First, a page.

Last week when we considered the disciples heading out on their mission with nothing for the journey, no bread, no bag, no money, no spare clothes, we remarked on their vulnerability, how they would have to depend on the hospitality of those they met along the way to provide them with the basic necessities of life.  Today’s text takes their vulnerability to a whole new level.  The disciples have just joined the mission, they too are out proclaiming the Kingdom of God, and Herod has heard of it.  Keep this up and you will suffer the same fate as John the Baptist.  That’s the way of power.

I suppose that the disciples, as minor players in the drama, might have the option of scattering when things get bad.  Jesus won’t get the same opportunity.  He is already a marked man.  He has challenged the powers and authorities, and power will do its thing.  But Jesus is not deterred.  He will speak truth to power, in fact when asked why he came, he will reply that he came to bear witness to the truth.  And what truth is that?  The truth that Jesus bears witness to is that God’s way is not the way of power, but rather the way of the cross.

So on this question of the separation of religion and politics, who’s right?  Is it Jesus who intentionally begins his mission with a deliberately political declaration which he will take right to the capital city, the seat of power?  Or is it my Hungarian friend, who having surveyed the carnage of European history declares that the followers of Jesus have no business getting involved in politics?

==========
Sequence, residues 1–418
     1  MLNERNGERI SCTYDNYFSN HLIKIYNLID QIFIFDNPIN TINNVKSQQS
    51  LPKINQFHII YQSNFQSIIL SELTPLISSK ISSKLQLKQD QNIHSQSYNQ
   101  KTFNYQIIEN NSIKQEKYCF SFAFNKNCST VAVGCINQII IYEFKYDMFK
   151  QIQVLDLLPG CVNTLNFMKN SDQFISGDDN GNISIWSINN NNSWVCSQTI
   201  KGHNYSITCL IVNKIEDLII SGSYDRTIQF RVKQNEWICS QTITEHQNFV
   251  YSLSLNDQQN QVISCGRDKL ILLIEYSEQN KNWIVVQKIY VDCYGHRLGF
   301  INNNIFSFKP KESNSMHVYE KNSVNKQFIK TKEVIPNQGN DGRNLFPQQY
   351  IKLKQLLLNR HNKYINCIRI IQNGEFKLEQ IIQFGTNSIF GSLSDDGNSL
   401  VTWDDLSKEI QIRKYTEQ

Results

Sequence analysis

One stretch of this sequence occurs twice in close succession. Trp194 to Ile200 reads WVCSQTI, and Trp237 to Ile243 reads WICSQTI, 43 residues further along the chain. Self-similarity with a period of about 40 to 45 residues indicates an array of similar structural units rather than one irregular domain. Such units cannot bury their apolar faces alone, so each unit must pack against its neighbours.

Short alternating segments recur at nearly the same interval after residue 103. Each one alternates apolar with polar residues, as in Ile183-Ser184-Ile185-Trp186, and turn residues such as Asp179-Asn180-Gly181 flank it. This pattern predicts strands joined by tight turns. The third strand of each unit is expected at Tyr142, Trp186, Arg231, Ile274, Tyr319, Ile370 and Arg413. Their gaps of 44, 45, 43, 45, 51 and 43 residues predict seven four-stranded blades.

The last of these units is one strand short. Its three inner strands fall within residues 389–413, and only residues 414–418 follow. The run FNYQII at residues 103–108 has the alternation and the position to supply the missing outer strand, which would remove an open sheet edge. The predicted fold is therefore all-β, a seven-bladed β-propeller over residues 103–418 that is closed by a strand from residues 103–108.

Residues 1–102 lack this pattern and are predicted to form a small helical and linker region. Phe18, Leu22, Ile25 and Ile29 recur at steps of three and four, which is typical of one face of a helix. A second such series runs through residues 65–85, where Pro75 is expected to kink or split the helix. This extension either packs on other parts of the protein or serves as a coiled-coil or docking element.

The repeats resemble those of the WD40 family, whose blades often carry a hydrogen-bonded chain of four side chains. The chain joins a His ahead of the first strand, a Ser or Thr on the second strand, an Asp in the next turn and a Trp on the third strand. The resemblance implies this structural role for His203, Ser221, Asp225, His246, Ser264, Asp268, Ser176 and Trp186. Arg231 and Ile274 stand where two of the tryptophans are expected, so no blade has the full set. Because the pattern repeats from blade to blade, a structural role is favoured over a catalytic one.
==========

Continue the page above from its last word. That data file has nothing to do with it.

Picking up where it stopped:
Actually, I think that both are right.  Jesus is right because he knows what the psalmist declared in our psalm reading this morning.  “The earth is the Lord’s and all that is in it, the world and all who dwell therein.”  When the psalmist makes this declaration, he’s not just talking about the birds and the bees.  He’s talking about every sphere of human activity, including economics, politics and military engagement.  The earth is the Lord’s and all that is in it.  No sphere of human activity can be separated from the sovereignty of God.  Jesus’ mission is inherently political, and his followers are invited to join him in the realization of God’s kingdom on earth.

But my Hungarian friend is also right.  Because Jesus’ way is not the way of power, it is the way of the cross.  And so when we as followers of Jesus engage in the public sphere, we’re called to do so not from positions of power, but from a position of vulnerability.  And when we do so, our sole allegiance is to God, not to our country, not to our cultural or ethnic group, not to any political party.  And that’s where the church has gone wrong in times past, those are the tragic mistakes that so enraged my Hungarian friend.  Often, when the church has engaged in politics it has been, first of all, from a position of power and secondly, in allegiance with nation-states or political parties. 

That’s not the way of the cross.  That’s not the way of Jesus.

As people of faith, we bring our faith into all domains of life.  Our faith is not something we limit to our homes, or to Sunday mornings.  We’ve been invited to proclaim the kingdom of God in our time and place.  We’ve been told to love our neighbours as ourselves.  We’ve been called to feed the hungry and care for the needy and to release those who are oppressed.  We’ve been taught to love our enemies.
None of these things can be done from the privacy of our own homes or from the confines of this building on a Sunday morning.  All are inherently public and political acts.  So we must enter the public domain.  But when we do enter the public domain we are called to do so as followers of Jesus.  Take nothing for the journey – no bread, no bag, no money in your belts.  And yes, Herod will hear of it.  But go anyways.  We follow not the way of power, but the way of the cross.